Spring Into Profit – The Four Money Making Models for Your Apps to Bloom
Wednesday, April 9, 2014
By now, the US market is reaching saturation and many mobile users already have their go-to apps installed. There are already over one million apps offered in The Apple iOS Store, with at least 20,000 new apps added daily. Google Play store currently offers 1,185,618 Android apps, withnearly 62,000 new Android apps added between January-March 2014 alone.
Adding to the complexity, more and more users don’t expect to pay for their apps. In fact, nearly 94.5% of mobile apps are expected to be free by 2017 (Gartner). Trends as they are, many aspiring app developers might be wondering about the best way to generate revenue from their app. For the brave developers undeterred by the staggering stats, we applaud your commitment and offer you an overview of the four basic revenue models to give your apps a chance to bloom.
Deciding the monetization method that best fits your app depends on the kind of content available on your app, how often that content is refreshed, and what the user is accustomed to paying or not paying for similar apps.
Mobile Advertising(Free Apps)
Consumers are surprisingly accepting of in-app ads, whengiven a free download. Mobile ads can also deliver real benefit and value to users when careful targeting and ad delivery are practiced, making ads mutually beneficial to developers, marketers and users.
Mobile ads can be simple to integrate with an SDK, and thereare many ad platforms and network choices offering several ad formats. There issn ad format suitable for every stage of your app usage cycle, from the moment the app is opened, at various stages of app engagement, and at the app’s close.
Ad formats include display/banners, interstitials, videoads, app walls, specialty ad units like LeadBolt’s Floating ads and Audio adswith gyroscopic (aka shake) functionality, and native customizations to fit thelook and feel of your app.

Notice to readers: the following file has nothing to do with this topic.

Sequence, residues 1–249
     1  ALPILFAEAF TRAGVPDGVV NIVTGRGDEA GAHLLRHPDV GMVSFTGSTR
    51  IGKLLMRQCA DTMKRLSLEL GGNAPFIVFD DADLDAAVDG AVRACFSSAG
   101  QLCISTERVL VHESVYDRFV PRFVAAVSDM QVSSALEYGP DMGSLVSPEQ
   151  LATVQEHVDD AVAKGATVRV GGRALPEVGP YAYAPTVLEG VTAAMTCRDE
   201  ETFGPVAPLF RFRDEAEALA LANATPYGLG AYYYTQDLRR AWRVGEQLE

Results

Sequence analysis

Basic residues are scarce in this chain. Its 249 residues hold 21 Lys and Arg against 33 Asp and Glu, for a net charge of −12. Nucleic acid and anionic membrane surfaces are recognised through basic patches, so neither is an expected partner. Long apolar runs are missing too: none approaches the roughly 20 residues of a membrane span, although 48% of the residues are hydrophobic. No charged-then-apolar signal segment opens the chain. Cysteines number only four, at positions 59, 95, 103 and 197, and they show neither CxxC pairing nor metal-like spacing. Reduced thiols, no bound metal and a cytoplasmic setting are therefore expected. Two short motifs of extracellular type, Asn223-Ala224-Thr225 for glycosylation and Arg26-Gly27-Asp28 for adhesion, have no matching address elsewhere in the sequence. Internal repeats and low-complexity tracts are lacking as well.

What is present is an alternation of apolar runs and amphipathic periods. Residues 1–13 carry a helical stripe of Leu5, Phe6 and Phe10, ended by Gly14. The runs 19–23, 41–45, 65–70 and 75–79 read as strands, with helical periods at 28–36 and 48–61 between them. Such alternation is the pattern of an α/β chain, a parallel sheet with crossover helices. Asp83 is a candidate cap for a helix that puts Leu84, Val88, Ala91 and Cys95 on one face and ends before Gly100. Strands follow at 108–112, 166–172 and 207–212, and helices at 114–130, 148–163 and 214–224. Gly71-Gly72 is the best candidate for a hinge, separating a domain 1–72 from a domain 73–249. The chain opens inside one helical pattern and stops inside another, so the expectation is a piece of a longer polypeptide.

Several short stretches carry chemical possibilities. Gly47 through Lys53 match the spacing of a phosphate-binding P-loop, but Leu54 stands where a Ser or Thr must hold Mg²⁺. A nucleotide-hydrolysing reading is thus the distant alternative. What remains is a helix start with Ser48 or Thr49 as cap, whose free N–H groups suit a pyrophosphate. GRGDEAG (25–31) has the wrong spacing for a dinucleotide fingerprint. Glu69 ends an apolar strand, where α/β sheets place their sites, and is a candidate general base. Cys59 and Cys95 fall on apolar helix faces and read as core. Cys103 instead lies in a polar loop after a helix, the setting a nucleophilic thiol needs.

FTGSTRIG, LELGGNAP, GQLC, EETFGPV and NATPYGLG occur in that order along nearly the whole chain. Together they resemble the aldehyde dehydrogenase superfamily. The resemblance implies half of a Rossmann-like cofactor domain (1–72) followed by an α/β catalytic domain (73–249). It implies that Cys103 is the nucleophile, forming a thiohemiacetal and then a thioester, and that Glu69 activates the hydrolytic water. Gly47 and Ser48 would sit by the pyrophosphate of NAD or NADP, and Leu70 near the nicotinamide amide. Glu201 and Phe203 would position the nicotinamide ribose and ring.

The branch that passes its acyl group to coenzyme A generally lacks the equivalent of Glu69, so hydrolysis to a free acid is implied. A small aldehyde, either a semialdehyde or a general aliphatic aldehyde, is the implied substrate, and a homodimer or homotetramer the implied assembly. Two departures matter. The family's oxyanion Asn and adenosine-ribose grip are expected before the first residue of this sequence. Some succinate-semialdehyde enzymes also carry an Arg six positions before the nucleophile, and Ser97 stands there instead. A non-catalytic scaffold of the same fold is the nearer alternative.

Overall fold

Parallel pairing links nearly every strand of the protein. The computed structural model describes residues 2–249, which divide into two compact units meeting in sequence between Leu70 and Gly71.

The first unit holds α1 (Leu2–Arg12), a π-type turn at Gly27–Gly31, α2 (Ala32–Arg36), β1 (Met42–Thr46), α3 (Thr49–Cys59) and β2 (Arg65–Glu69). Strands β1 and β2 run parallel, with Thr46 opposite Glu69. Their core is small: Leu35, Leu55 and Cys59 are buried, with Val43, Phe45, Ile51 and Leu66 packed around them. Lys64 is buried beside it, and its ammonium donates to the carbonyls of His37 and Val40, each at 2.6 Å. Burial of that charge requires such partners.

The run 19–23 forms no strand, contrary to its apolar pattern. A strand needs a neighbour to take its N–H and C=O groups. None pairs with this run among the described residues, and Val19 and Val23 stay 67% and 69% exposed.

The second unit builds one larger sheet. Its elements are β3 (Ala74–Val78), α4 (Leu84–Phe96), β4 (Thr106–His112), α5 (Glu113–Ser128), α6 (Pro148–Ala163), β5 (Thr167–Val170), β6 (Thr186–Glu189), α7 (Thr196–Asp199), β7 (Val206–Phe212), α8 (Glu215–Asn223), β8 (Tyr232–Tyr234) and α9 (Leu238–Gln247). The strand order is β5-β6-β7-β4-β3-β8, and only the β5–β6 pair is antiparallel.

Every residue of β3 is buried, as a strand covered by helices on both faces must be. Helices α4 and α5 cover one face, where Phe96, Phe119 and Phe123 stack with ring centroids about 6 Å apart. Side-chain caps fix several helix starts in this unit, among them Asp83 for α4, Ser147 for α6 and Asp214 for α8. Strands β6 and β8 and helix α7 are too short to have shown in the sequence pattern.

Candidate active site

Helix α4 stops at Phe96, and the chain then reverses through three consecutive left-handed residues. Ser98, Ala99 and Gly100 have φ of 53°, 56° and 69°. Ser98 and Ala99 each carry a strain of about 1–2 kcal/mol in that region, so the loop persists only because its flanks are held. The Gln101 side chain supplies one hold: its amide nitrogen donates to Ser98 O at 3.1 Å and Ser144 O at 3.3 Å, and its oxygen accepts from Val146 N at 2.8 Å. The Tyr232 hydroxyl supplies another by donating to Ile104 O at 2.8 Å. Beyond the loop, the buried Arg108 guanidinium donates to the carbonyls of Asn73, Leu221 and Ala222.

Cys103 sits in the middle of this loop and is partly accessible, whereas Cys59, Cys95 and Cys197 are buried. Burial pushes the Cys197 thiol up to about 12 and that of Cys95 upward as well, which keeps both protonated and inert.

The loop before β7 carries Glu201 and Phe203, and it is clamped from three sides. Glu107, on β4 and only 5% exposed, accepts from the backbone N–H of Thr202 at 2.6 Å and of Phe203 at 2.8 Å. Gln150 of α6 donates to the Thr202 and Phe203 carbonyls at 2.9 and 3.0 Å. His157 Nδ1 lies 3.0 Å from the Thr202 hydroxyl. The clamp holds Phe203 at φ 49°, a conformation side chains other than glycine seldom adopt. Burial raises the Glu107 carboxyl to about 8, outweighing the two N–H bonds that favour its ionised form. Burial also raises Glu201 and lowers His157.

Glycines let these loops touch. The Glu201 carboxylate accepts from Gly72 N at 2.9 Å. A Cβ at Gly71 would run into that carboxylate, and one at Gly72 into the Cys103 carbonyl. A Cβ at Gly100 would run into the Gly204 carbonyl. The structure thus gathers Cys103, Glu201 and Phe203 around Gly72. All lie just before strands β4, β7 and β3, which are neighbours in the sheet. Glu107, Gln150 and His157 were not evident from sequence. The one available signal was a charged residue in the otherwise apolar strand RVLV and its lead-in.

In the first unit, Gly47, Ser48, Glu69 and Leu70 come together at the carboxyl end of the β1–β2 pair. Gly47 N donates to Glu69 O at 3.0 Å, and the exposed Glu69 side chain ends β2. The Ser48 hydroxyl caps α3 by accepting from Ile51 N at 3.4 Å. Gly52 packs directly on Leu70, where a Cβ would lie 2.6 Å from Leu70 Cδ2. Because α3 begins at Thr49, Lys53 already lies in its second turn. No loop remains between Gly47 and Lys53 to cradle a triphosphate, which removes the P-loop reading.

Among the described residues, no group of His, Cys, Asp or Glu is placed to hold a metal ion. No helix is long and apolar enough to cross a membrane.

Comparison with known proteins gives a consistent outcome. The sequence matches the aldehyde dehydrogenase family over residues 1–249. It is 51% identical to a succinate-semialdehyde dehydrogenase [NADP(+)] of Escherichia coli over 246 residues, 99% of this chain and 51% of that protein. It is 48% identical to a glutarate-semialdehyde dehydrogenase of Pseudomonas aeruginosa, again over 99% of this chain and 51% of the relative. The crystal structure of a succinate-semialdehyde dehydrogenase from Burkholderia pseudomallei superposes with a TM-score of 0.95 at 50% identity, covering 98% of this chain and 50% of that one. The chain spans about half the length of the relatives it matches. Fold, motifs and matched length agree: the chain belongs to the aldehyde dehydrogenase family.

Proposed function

Just be sure that the ad network you choose offers a way to test campaign performance, uses responsible targeting and ad delivery practices such as frequency caps, as well as offers analytics to track campaign performance, as these tools will help you optimize results for continual success.
Examples of apps featuring mobile advertising: Talking Tom(Outfit7), Fruit Ninja (Halfbrick Studios), and NQ Call Blocker (NQMobile).
In-App Purchases(IAP) - “Freemium” Model
Most commonly used within game apps, in this method the app is free to download and during game-play users are introduced to purchase opportunities that afford perks. Users can purchase additional game lives,virtual goods, virtual currency, upgrades, access to a secret or bonus level ofthe game, and even buy new characters.
There are several ways to create in-app benefits that enhance game-play, drive longer user sessions, and of course, generate revenue. Be careful not to abuse this practice to the point of IAPs becoming the only way to advance through a game. IAPs should offer an advantage to the user, not interfere with a positive game experience. An ever-popular trend, in-app purchases will account for 48% of all mobile revenues by 2017 (Gartner).
Examples of apps offering in-app purchases: Farmville, Clashof Clans, and Angry Birds GO.
Paid Apps – Simply Put, Charge Users to Download Your App
Users are willing to pay for value (real or perceived), soif your app offers tools or utility that make their lives easier, chances aregood that a user can justify paying for it. Apps like fitness trackers, personal organization apps, and even quality games can warrant a price tag(although most people are downloading free games).
When you control the price, you can also control promotional price-drops and / or even raise the price with time. Research what similar appsare charging and make sure your price is in line with what consumers arealready spending for a similar app.
Examples of paid apps: Minecraft – Pocket Edition (Mojang), Cut the Rope 2 (ZeptoLab UKLimited), Heads Up! (Warner Bros.), and SwiftKey Keyboard (SwiftKey).
Subscription-based pricing is in a league of its own. Most apps out there simply don’t offer the volume of fresh content to warrant a recurring fee from the customer. But – if your app takes a lot of time and money to manage content on a regular basis, or if usage and session length are extremely high, you might consider this option.
The user must feel like it is worth the recurring fee. Developers, keep in mind that the platforms (Apple, Google, etc.) will take a cut of your subscription revenue.
Examples of subscription apps: Spotify, Hulu, and Netflix.
Once you’ve evaluated the best monetization strategy foryour app, you are one step closer to being set up for success.
This content is made possible by a guest author, or sponsor; it is not written by and does not necessarily reflect the views of App Developer Magazine's editorial staff.
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